Ohio should pay attention to the expansion of high-speed rail in South Florida’s coastal areas for lessons that could be adopted here in the future.
The Florida East Coast Railway has started running 40-minute trains nonstop between Fort Lauderdale and West Palm Beach, a 46-mile distance.
Eventually, rail service will expand to link Miami and Orlando.
Expanding passenger rail? How can this be? It’s happening because real estate developers made room in their plans for rail transportation, Florida has an expanding population, and there is a lot of tourism.
Ohio has stagnant population, moderate tourism demands, and real estate that was cut up and parceled off a century ago or more.
Furthermore, Ohio is a car state, with abundant dedicated infrastructure — highways and bridges.
That doesn’t mean Ohio couldn’t incorporate rail in its transportation portfolio. Toledo already has considerable passenger rail activity at its Amtrak stop.
And very close to Toledo, Amtrak operates three round trips per day between Chicago and Pontiac, Mich., via Detroit, with daily round trips to Grand Rapids and Port Huron.
Why couldn’t there be daily round trips between Toledo and Detroit? At least two daily trips - morning and night - would be necessary to encourage use. Detroit’s train station is conveniently located near the new street car line on Woodward Avenue. A link between Toledo and Detroit would also provide a more dependable option for getting to Chicago by rail (since the Amtrak trip between Toledo and Chicago is often delayed by freight trains).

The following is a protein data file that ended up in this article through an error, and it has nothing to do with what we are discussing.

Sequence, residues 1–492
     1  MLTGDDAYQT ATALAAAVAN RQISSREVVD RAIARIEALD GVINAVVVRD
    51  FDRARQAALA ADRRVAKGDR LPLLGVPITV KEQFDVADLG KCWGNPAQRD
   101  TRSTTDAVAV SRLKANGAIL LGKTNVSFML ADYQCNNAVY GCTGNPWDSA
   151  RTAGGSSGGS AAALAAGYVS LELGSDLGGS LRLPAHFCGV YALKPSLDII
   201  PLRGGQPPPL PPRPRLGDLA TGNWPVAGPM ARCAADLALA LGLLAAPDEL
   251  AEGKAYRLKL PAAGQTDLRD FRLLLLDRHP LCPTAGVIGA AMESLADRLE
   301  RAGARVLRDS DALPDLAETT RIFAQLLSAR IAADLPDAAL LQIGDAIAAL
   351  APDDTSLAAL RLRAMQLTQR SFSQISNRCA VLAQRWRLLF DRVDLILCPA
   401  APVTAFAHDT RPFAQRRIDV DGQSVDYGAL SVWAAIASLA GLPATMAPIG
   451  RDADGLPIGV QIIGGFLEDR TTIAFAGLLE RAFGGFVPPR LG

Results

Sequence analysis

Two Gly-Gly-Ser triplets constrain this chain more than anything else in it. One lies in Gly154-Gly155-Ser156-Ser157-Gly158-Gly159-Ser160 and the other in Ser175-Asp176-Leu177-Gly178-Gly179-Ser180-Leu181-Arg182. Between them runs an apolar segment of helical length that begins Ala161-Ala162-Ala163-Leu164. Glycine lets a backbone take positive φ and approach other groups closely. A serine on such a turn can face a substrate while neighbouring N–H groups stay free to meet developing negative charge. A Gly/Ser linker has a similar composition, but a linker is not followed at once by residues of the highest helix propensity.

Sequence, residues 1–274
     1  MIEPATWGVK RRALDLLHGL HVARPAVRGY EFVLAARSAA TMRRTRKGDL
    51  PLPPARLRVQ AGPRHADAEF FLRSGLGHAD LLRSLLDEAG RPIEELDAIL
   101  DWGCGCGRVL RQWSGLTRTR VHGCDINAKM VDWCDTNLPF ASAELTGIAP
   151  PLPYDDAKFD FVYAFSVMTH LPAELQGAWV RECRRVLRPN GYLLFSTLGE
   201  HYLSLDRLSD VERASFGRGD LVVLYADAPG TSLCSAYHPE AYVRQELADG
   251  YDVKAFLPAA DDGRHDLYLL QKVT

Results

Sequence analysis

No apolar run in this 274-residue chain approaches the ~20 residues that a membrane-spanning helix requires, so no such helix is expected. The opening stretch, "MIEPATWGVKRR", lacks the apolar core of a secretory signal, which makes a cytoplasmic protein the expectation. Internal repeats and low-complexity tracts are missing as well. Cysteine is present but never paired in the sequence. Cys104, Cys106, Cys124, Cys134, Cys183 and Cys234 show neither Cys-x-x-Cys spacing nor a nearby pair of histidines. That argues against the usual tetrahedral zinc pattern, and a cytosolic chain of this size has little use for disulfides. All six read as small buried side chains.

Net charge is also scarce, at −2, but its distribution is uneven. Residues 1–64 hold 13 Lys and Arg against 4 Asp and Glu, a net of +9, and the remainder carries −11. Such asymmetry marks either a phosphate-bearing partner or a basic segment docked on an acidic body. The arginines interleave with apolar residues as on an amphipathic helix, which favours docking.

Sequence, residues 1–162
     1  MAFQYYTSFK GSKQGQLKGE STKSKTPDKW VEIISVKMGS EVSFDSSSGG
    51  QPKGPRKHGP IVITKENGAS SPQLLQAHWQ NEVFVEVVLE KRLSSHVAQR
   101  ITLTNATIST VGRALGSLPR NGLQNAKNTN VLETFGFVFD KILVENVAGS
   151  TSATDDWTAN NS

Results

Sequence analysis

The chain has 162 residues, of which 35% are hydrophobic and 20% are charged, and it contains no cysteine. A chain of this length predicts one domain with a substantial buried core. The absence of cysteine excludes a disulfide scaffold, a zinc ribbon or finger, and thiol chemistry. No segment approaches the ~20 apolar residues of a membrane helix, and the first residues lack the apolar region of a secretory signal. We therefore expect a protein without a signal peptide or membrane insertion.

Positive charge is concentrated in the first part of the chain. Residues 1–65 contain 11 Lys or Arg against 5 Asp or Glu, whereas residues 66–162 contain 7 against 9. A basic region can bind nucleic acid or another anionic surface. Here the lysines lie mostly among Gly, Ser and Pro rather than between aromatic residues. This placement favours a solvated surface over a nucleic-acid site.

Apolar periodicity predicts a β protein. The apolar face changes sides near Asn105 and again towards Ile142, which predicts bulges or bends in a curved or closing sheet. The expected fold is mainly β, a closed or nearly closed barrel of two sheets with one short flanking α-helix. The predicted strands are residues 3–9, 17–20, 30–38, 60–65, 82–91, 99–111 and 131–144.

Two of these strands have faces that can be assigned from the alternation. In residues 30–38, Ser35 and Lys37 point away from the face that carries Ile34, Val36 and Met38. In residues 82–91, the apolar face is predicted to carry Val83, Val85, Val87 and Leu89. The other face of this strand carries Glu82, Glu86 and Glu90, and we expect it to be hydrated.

There is also no reason that the daily round trip couldn’t include a stop at Detroit Metropolitan Airport.
In 2011, Gov. John Kasich dealt Ohio a setback in the creation of a rail hub plan for Ohio by returning $400 million in federal funds that would have been spent to link Cleveland, Columbus, and Cincinnati.
Florida Gov. Rick Scott also rejected a federal grant for intercity trains in his state. Both governors said their states could not afford to keep subsidizing the trains’ operating costs once they started.
The Florida East Coast Railroad came about despite that decision, and Ohio can find ways to encourage intercity passenger train traffic as well.
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